Databases, Data Lakes, and Data Warehouses Explained

Data storage

Big data is ruling the technology world today. To stay ahead in the competition, companies are leveraging their data to derive business value from it. However, a successful data analytics strategy depends on which technology one uses for storing, searching, analyzing, and reporting data. 

 

The three of the common data storage are databases, data warehouses and data lakes. But the question still remains, which one of these should a company choose? 

 

Therefore, it is important to understand what is a data lake, a database and a data warehouse? How do they differ from each other and how do they work? Which should a business choose based on its current data strategy, business goals, and infrastructure? 

 

As the first step towards this decision making, let us understand the basic concepts. 

 

What is a database? 

The database is a highly structured form of data storage where the data is stored in known formats and types, making it easier to access and manage. 

 

The widely used databases are a relational database or SQL database, and a non-relational database or NoSQL. The latest addition is the cloud database which is designed to run on cloud applications. 

 

The database is ideal for use cases like report creation for financial and sales data, analysis for smaller datasets, auditing of data entry, automating business processes and so on. Compatibility is another factor to consider when a requirement arises for a database to work with various programs. This may include converting data to different formats, thereby making it less ‘agile’ than other data storage types.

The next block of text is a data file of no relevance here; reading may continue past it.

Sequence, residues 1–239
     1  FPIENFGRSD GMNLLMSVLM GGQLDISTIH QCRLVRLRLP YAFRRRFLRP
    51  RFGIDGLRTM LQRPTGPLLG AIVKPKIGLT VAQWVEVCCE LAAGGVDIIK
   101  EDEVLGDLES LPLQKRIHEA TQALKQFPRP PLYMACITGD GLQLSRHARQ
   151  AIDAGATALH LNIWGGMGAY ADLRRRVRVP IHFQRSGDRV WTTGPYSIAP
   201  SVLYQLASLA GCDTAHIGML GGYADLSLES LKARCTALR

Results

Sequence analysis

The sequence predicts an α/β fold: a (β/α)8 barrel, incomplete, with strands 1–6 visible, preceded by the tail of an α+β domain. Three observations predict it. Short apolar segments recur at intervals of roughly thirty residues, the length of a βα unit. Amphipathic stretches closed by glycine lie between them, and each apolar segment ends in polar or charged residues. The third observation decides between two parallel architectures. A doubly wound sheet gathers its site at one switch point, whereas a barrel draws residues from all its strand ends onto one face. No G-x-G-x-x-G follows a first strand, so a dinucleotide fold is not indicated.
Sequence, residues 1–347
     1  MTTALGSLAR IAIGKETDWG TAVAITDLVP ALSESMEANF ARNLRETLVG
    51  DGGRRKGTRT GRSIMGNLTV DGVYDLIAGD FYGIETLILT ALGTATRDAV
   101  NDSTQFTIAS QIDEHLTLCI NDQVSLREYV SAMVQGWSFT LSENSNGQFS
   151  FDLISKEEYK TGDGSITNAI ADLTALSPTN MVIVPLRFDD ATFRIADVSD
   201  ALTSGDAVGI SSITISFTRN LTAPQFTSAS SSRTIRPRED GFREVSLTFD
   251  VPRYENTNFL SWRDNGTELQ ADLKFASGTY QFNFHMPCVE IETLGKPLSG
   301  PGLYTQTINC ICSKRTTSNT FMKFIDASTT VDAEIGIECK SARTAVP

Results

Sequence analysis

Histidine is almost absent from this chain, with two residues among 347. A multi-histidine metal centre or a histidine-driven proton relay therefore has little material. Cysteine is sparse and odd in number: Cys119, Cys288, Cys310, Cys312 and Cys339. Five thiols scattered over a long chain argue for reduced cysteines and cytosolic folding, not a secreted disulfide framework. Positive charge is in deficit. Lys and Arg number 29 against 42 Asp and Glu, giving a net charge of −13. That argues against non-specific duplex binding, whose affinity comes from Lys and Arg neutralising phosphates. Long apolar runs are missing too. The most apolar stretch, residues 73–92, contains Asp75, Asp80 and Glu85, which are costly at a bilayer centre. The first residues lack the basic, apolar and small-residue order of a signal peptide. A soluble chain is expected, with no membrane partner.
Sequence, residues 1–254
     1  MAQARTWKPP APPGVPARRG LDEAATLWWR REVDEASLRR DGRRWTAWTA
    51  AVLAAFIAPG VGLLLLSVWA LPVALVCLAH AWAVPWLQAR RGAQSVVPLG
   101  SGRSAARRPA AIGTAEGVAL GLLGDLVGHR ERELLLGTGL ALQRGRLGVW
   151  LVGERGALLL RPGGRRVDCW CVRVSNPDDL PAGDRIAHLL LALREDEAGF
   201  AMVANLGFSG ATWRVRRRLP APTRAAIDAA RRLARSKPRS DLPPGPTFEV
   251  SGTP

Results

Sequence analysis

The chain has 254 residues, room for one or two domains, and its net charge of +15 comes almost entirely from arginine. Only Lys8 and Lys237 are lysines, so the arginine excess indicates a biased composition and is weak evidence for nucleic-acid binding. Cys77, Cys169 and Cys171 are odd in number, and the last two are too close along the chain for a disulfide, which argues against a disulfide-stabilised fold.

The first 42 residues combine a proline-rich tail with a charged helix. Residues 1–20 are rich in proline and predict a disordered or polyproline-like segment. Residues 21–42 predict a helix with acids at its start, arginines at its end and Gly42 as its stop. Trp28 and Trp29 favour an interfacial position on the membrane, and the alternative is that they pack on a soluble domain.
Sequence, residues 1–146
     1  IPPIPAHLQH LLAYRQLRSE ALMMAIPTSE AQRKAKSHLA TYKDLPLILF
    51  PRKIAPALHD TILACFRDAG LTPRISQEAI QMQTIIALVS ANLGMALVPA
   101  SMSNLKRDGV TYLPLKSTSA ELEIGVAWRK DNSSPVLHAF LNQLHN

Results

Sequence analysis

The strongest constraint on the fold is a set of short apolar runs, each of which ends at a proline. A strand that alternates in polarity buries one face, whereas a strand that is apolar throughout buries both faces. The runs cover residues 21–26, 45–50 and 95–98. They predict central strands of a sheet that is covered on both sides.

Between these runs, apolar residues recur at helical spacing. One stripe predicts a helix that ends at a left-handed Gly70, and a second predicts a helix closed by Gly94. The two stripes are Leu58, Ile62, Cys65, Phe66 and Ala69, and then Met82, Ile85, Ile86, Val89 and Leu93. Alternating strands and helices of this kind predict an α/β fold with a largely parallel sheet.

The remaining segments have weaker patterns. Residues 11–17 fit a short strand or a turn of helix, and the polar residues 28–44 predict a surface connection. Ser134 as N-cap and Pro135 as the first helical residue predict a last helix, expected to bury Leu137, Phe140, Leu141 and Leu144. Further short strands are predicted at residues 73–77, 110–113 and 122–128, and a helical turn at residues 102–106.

Some examples of common databases are: 

PostgreSQL, MySQL, MongoDB, Microsoft Azure SQL DB, and Elasticsearch. 

 

 

What is a data warehouse? 

datawarehouse
Image credit: databricks.com

 

A data warehouse is a data management system that derives data from several storages and operational systems within an organisation and acts as a single point of access. It is designed for the enablement and support of data analytics and business intelligence. It can be thought of as a large central repository that provides users with current and historical data that supports decision making.

 

Due to these features, it can be called an enterprise’s single point of truth’. An important component of a data warehouse is an ETL (extract, transform, load) solution that helps in preparing data for analysis. This analysed data is then further used for analytics, reporting or data mining. 

 

Some of the popular data warehouses offered are Snowflake, Yellowbrick and Teradata. 

 

What is a data lake? 

Data Lake
Image credit: databricks.com

A data lake is a central location that stores a huge amount of disparate and unstructured data in its raw format until it is later required for processing. The raw data, captured from various sources like mobile apps, IoT devices, social media, business applications, is structured and its data format is derived at the time of analysis. A data lake is usually used to gather insight for data science research and testing, which is why it is also known as ‘for machines’ data storage type.  

 

Hadoop, Amazon S3 and Azure data lake are the most commonly used ones. 

 

Comparison between Databases vs Data Warehouse vs Data Lakes 

 

Now let’s do a quick comparison between these three storage types based on the 6 key areas: 

Key Area  Database  Data Warehouse  Data Lake 
Data types supported  Stores only structured data  Stores only structured data  Stores data in its raw format, whether structured, semi-structured or unstructured 
Processing  Follows schema on write, i.e., it requires a data model before loading any data  They also follow schema on write  Accepts data in its raw form during storage. It follows schema-on-read, i.e., create the schema when you require data for usage